The most common perspective you will generally see in writing is third person (“she went to the store”), usually combined with the past tense. This is a safe bet for almost every writer. Third person point of view can be omniscient (the narrator knows everything) or limited (the narrator sees everything, but doesn’t know what characters are thinking unless they say it). Some writers also choose to write in first person in the past tense (“I went to the store”), which is generally another safe choice. Very few books are written in second person (“you went to the store”), and many that are follow a “choose your own adventure” type of plot. I wouldn’t advise this perspective, as you’d do best sticking with first or third.
Thinking about writing a novel in the future tense makes my head hurt. If you google this, the most popular example that comes up is Aura, by Carlos Fuentes (a Spanish language book). I’d say this would be incredibly difficult to do and should be avoided completely, or at least until you have a better footing in the writing world and are feeling adventurous.
Writing in the present tense is an interesting choice – one that I’ve seen called “edgy” – but it can be fun when you’re not pulling your hair out trying to figure out the proper conjugation of a verb (English is hard). A good example of a work written in third person present tense is Snow Crash by Neil Stephenson. This is the tense I wrote my second novel in, and this may sound weird, but just to repeat myself, it was a fun tense to work with. It may not be the best choice for a first time novelist, but if you’re set on it, I won’t discourage you. Just know that you are setting yourself up for slightly more work if it’s not something you’re used to.
I wrote Iterate in first person past tense because first person point of view was crucial to the telling of the story, but the tense could’ve just as easily been switched to present. I wanted Iterate to feel like a more traditional novel, so I chose past tense. It was honestly that simple of a choice for me. While writing, you may decide otherwise, and that’s fine.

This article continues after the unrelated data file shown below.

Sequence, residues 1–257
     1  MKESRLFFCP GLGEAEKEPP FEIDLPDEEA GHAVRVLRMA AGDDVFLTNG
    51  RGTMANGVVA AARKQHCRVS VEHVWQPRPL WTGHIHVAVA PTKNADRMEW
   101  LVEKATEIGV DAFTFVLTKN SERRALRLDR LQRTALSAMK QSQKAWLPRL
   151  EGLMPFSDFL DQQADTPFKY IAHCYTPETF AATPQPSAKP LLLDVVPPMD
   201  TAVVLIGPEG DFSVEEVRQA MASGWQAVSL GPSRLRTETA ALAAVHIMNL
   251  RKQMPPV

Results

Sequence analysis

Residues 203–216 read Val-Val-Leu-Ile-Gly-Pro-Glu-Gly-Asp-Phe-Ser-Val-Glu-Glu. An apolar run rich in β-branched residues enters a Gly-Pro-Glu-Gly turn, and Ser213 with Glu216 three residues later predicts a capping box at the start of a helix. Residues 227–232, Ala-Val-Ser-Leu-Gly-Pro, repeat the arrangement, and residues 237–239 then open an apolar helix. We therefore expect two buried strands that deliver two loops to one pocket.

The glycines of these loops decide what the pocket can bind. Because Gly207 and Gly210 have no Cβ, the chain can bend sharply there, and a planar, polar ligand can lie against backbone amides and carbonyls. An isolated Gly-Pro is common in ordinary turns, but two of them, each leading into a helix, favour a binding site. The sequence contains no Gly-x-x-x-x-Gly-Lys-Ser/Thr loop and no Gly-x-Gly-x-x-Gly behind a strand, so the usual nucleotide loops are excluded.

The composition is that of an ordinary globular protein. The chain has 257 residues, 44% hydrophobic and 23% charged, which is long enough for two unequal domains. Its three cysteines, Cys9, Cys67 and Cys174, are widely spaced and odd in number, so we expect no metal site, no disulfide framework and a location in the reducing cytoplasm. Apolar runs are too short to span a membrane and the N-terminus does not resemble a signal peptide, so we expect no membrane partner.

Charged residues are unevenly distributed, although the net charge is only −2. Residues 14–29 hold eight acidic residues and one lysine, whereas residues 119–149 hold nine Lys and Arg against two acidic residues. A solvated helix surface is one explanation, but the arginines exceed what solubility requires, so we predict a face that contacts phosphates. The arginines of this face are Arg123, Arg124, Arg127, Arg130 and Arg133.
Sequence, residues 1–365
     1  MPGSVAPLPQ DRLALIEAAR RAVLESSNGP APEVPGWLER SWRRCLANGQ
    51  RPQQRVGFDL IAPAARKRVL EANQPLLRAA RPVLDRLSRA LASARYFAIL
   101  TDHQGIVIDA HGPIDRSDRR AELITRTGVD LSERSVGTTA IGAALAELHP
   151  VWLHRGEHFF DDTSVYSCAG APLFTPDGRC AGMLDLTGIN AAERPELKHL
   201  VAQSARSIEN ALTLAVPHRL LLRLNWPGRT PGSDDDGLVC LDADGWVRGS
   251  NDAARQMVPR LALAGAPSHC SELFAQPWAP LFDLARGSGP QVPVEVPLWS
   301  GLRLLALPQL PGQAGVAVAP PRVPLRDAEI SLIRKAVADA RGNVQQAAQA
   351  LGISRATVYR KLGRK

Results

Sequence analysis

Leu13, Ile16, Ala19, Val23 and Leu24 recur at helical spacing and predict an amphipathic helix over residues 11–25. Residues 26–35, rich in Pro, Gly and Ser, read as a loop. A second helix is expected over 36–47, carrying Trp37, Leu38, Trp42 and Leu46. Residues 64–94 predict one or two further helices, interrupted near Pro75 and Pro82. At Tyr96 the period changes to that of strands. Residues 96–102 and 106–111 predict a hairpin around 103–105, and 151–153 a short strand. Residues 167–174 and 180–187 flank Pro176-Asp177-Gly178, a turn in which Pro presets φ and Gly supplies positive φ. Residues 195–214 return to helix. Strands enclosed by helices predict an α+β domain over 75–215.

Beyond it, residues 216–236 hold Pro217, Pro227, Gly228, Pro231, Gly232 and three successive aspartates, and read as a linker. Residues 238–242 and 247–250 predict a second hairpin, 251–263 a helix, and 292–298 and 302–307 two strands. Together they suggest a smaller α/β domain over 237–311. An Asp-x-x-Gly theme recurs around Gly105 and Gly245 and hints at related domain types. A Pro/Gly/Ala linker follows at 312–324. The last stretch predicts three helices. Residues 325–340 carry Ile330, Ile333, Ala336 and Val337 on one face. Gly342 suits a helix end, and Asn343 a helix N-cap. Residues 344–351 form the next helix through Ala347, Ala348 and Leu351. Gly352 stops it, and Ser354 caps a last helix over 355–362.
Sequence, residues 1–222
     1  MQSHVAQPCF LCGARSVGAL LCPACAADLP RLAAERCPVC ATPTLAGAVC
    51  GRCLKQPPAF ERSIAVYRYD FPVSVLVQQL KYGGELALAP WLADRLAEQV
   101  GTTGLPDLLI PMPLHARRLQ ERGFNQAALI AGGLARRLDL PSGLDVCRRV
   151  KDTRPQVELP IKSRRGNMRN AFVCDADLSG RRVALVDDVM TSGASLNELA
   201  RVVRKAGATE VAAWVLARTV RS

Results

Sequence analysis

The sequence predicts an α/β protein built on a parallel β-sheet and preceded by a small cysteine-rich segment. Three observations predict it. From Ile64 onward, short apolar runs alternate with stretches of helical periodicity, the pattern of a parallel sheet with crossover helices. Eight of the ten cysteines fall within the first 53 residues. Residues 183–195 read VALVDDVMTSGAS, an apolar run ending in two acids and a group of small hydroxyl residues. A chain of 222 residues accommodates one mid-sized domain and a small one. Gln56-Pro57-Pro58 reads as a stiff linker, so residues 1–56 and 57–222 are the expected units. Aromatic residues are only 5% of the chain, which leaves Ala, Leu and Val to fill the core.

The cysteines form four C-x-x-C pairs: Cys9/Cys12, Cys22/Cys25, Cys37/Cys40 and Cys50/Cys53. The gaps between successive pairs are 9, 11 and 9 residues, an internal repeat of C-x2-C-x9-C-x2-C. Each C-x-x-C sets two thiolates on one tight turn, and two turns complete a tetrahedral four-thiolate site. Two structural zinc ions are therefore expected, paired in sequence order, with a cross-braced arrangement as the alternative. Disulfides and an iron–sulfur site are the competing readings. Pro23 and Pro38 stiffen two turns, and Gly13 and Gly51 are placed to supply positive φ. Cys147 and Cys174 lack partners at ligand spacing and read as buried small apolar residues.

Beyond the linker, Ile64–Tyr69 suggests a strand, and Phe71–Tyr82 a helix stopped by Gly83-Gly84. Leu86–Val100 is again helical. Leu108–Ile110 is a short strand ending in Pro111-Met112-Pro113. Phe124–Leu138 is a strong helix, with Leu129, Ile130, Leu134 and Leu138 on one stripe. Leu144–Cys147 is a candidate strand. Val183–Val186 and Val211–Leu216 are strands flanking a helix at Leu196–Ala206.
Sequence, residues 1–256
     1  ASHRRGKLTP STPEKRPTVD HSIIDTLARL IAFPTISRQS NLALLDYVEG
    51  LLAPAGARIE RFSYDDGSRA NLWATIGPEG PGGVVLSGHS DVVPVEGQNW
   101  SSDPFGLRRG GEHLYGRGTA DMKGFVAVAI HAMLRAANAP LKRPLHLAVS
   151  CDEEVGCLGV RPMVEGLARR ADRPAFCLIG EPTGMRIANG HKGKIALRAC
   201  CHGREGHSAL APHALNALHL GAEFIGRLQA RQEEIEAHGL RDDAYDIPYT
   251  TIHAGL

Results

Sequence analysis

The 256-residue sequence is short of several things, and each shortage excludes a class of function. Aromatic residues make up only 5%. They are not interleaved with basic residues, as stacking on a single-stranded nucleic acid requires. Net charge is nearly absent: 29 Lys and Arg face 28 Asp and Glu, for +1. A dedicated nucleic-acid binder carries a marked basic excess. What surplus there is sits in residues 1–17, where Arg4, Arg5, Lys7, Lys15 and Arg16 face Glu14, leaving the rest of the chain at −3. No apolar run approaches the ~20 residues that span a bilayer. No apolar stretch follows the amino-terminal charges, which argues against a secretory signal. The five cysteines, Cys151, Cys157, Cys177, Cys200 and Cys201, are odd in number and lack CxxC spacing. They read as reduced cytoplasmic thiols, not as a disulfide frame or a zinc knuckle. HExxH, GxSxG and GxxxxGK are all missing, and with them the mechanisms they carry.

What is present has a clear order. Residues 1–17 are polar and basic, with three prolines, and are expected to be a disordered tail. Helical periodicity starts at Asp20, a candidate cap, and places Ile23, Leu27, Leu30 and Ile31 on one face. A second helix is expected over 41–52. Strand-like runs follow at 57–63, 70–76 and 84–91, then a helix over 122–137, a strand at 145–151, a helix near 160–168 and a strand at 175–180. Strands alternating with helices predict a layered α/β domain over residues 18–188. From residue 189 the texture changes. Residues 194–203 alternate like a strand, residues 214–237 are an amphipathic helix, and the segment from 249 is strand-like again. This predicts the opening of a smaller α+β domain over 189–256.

Point of view is a more important choice, so let’s get right to what you need to consider when choosing. Any of these points can be pros or cons, depending on the subject of your story and how information needs to be presented, so keep that in mind as well.
- First person point of view
- Deeper connection to character telling the story
- Limited to what narrator knows/sees
- Secrets from non-narrator characters can be kept from the reader very easily
- No look into what other characters are thinking without them directly stating their thoughts
- Third person point of view
- Extremely versatile
- Narrator can know what all characters, one character, or no characters are thinking
- More shallow connection to the characters
- Easier to obscure knowledge/thoughts the main character has from readers
- Extremely versatile
Really though, don’t stress out about this too much. You can almost definitely make first or third person work for your story, and if you really just can’t decide, flip a coin or pick third person. If it was something that was truly important to the vision you have for your story, you wouldn’t be having a difficult time deciding.